On Wednesday, Toshiba Corp. announced that it would be entering Japan’s push for solar power by building a new plant in Fukushima that is capable of generating 100 megawatts of electricity. The electronics manufacturer has said it will be spending almost 30 billion yen (approx. $379.6 million) to build Japan’s largest solar power plant in Minami Soma, Fukshima Prefecture.
The effort to build a solar power plant in the same prefecture as the damaged Fukushima Daiichi nuclear plant comes a little over a year after the March 11th earthquake and tsunami disasters. Toshiba plans to start construction on the facility before the end of the year, and hopes to have operations begin sometime in 2014. Their claim of building the largest solar plant in Japan does easily trump Kyocera’s previous announcement of a 70 megawatt solar facility in the southern prefecture of Kagoshima, but both companies have seem to forgotten that Softbank already has plans to build a 200 megawatt plant in Hokkaido.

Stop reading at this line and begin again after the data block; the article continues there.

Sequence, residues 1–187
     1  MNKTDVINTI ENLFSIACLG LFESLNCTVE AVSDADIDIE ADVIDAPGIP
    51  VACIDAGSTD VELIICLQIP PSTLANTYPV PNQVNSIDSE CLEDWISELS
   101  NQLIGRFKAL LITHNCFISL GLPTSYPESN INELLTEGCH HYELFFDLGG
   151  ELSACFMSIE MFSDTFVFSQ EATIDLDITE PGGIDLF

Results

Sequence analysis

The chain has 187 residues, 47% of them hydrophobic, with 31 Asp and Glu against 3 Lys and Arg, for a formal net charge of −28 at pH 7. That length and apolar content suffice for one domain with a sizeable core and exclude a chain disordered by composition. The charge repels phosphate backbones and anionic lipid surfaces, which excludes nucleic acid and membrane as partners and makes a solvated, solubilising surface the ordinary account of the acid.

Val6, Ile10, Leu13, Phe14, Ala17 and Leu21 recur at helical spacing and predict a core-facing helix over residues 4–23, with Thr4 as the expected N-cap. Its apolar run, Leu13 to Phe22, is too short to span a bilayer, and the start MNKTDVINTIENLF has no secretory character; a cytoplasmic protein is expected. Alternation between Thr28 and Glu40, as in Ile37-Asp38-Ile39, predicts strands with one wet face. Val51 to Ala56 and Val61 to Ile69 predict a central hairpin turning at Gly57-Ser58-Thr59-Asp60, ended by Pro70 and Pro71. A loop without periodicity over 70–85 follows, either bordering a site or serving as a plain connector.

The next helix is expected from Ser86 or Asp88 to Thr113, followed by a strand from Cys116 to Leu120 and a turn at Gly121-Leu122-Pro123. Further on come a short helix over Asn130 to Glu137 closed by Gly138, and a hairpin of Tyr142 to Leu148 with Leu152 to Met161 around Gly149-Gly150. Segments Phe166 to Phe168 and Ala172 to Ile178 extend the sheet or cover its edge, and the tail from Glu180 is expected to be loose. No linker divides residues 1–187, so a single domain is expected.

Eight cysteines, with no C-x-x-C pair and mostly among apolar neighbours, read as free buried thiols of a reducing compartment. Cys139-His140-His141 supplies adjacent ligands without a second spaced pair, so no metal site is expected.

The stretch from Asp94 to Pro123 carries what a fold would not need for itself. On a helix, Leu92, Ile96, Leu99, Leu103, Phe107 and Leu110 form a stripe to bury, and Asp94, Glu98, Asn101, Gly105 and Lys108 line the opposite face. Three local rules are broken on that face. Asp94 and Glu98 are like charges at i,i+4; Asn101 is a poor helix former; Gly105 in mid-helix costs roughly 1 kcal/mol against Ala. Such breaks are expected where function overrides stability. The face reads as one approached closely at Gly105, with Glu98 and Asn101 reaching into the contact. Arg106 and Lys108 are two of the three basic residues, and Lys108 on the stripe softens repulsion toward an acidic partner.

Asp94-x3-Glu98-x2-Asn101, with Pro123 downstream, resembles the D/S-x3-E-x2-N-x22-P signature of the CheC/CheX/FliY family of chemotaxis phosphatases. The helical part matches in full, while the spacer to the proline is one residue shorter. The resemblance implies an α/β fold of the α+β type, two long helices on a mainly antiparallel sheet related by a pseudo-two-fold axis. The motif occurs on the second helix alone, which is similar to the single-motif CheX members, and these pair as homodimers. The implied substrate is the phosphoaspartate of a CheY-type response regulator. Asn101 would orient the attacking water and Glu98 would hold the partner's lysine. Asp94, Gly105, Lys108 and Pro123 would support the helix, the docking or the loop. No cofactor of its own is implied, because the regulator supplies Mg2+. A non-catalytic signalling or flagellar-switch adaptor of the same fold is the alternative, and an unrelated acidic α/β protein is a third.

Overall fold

The push by many companies, large and small, to enter the solar power market in Japan comes with the government’s approval of profitable pricing incentives. Utility companies will be required to purchase electricity from providers of renewable energies. This is expected to lead to billions of dollars in investments for clean energy, and will hopefully lead to less of a reliance on nuclear power for Japan.
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